More Syrian children are in need than at any time since a devastating civil war erupted more than a decade ago, but funding for them is “dwindling”, the United Nations warned on Sunday.
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“Syrian children have suffered for too long and should not suffer anymore,” the UN children’s agency said in a statement, noting that 12.3 million needed help both inside the country and in the region where they had fled.
“More than 6.5 million children in Syria need assistance, the highest number recorded since the start of the crisis more than 11 years ago,” he added.
The war in Syria is estimated to have killed nearly half a million people and displaced millions since it began with a brutal crackdown on anti-government protests in 2011. It has escalated to attract foreign powers and global extremists.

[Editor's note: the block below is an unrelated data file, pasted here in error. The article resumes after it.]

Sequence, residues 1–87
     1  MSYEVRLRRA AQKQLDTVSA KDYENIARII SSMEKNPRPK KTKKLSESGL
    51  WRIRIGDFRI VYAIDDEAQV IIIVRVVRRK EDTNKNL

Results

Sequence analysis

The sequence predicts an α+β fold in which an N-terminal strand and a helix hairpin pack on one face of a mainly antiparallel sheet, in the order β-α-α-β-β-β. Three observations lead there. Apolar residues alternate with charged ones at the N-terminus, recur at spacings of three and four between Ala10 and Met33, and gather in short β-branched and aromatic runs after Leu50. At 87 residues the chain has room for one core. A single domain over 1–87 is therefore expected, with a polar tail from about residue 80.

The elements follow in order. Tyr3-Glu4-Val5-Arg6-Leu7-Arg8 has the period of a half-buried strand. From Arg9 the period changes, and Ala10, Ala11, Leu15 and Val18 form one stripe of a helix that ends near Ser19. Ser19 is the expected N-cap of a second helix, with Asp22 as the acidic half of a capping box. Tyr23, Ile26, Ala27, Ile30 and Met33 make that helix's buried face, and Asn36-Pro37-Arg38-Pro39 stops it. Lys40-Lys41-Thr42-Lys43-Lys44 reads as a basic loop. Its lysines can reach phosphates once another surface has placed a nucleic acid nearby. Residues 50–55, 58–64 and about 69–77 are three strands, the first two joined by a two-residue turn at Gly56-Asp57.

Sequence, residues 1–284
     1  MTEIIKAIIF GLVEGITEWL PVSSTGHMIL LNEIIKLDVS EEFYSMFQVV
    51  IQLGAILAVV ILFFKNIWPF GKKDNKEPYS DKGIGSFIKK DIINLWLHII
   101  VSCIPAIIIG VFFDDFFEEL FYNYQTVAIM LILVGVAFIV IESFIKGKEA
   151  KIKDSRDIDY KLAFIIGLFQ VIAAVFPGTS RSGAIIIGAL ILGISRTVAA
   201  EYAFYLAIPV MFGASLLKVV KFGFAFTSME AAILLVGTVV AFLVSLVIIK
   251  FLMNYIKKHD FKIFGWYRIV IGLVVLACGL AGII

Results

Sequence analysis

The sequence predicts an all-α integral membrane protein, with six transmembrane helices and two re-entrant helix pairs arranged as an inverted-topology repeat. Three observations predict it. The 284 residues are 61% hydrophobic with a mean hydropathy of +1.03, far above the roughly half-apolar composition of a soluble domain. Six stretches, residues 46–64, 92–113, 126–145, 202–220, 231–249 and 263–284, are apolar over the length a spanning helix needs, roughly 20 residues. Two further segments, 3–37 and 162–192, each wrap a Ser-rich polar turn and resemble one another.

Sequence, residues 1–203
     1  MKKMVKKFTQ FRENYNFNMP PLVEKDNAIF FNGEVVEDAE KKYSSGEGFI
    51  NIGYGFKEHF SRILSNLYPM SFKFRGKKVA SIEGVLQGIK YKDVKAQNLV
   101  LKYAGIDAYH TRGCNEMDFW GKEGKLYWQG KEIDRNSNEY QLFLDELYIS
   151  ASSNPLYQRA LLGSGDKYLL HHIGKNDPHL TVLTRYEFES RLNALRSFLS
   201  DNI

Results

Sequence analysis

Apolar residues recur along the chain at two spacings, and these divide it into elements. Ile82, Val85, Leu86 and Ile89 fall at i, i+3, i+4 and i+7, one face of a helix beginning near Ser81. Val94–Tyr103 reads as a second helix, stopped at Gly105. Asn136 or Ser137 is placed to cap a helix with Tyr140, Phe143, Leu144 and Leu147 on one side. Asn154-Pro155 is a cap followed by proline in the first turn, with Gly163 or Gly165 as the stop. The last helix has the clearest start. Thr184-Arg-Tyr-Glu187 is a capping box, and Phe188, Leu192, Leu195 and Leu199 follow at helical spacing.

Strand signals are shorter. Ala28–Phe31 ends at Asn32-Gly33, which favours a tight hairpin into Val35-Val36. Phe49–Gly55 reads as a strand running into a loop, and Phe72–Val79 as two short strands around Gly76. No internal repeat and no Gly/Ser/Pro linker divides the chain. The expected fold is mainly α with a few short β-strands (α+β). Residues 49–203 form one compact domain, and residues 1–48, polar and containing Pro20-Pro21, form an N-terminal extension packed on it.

“The needs of children, both inside Syria and in neighboring countries, are increasing,” said Adele Khodr, UNICEF Middle East Officer.
“Many families are struggling to make ends meet. Prices of basic commodities, including foodstuffs, are soaring, in part due to the crisis in Ukraine.
Children are among the most vulnerable and the UN has warned they are bearing the brunt of the impact.
“In Syria’s neighboring countries, strained by political instability and fragility, nearly 5.8 million children depend on assistance, their lives marked by poverty and hardship,” said added Khodr.
UNICEF said they faced a severe lack of cash to deliver aid.
“Funding for humanitarian operations is rapidly shrinking,” Khodr said. “UNICEF has received less than half of its funding requirements for this year.”
UNICEF has appealed for $20 million to fund “cross-border operations” in northwestern Syria – the country’s last major rebel enclave – to create “the only lifeline for nearly a million ‘children”.
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